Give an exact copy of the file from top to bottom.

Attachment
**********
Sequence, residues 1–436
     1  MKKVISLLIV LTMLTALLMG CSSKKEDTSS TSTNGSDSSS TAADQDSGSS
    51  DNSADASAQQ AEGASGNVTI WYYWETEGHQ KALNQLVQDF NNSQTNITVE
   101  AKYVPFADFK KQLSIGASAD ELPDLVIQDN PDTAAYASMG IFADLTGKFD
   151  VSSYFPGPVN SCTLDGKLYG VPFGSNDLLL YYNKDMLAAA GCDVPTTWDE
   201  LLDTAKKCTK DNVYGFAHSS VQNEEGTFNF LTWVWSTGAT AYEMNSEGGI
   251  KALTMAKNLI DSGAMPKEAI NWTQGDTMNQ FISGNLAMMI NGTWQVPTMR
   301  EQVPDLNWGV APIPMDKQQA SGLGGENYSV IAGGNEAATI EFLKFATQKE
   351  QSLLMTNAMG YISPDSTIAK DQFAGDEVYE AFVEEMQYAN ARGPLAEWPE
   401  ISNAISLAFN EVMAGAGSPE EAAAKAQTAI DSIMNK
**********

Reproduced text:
Sequence, residues 1–436
     1  MKKVISLLIV LTMLTALLMG CSSKKEDTSS TSTNGSDSSS TAADQDSGSS
    51  DNSADASAQQ AEGASGNVTI WYYWETEGHQ KALNQLVQDF NNSQTNITVE
   101  AKYVPFADFK KQLSIGASAD ELPDLVIQDN PDTAAYASMG IFADLTGKFD
   151  VSSYFPGPVN SCTLDGKLYG VPFGSNDLLL YYNKDMLAAA GCDVPTTWDE
   201  LLDTAKKCTK DNVYGFAHSS VQNEEGTFNF LTWVWSTGAT AYEMNSEGGI
   251  KALTMAKNLI DSGAMPKEAI NWTQGDTMNQ FISGNLAMMI NGTWQVPTMR
   301  EQVPDLNWGV APIPMDKQQA SGLGGENYSV IAGGNEAATI EFLKFATQKE
   351  QSLLMTNAMG YISPDSTIAK DQFAGDEVYE AFVEEMQYAN ARGPLAEWPE
   401  ISNAISLAFN EVMAGAGSPE EAAAKAQTAI DSIMNK